Money Markets: Staying Vigilant
As events in global money markets unfolded in the second half of
2007, major central banks including the Federal Reserve Bank, the
European Central Bank and the Bank of England moved swiftly to
alleviate liquidity stresses and reassure markets by injecting liquidity.
Money markets in Asia remained relatively less susceptible to the global
tightening in liquidity conditions. Money market participants in Asia
were by and large less vulnerable to liquidity stresses as a high rate
of savings enabled banks to balance their profile between a stable
deposit base and funding from the interbank market. MAS stayed in
close contact with key banks, gathering up-to-date feedback of market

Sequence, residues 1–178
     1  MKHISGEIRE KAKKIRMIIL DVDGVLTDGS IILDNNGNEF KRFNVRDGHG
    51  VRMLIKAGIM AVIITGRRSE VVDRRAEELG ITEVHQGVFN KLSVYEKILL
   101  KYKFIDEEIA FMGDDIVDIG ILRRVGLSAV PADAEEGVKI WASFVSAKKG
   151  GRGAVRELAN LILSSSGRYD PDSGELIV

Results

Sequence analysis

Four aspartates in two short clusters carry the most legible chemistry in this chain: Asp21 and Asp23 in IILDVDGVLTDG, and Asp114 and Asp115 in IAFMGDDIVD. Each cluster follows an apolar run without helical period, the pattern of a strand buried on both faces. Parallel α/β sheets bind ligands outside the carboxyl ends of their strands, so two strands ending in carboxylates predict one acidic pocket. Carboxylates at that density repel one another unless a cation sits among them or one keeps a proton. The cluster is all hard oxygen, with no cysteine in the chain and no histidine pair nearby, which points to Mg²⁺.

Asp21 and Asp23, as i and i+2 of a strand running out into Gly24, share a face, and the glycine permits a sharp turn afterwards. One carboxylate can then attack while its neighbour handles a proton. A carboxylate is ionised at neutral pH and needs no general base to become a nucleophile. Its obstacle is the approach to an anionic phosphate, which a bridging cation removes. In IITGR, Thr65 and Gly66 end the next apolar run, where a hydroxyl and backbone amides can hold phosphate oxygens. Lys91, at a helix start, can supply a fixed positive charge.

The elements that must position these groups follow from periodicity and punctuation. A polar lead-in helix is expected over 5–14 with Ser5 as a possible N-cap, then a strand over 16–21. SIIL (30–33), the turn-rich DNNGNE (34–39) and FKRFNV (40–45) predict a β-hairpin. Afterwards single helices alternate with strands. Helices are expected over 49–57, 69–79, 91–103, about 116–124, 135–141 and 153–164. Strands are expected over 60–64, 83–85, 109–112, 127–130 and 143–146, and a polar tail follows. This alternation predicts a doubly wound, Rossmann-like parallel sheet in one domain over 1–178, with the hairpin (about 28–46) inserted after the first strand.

conditions and sentiment, and ensured credit lines between banks
were not strained. MAS heightened monitoring based on the systemic
studying of a range of indicators from currency movements to equities
indices, changes in the profile of yield curves and forward pricing, so
as to anticipate possible developments that might ensue.
To reassure markets, MAS issued a statement in August 2007 to state
that we had been monitoring the financial markets closely for potential
liquidity bottlenecks, and that while no extraordinary liquidity injections
had to be made, MAS stood ready to inject liquidity if necessary.
Chart 8 shows the one-month Singapore Dollar (SGD) Singapore
Inter-Bank Offer Rate (SIBOR) and US Dollar (USD) London Interbank
Offered Rate (LIBOR) deposit rates during key episodes of funding
stress, where interbank interest rates in Singapore remained stable
amidst volatility in global money markets. The Singapore Dollar market
encountered less turbulence with minimal increases in interest rates
in August to September and November to December 2007. This was
an encouraging reflection of the confidence market participants had
in the Singapore Dollar market, and reflected the absence of significant
interbank market squeezes for the period.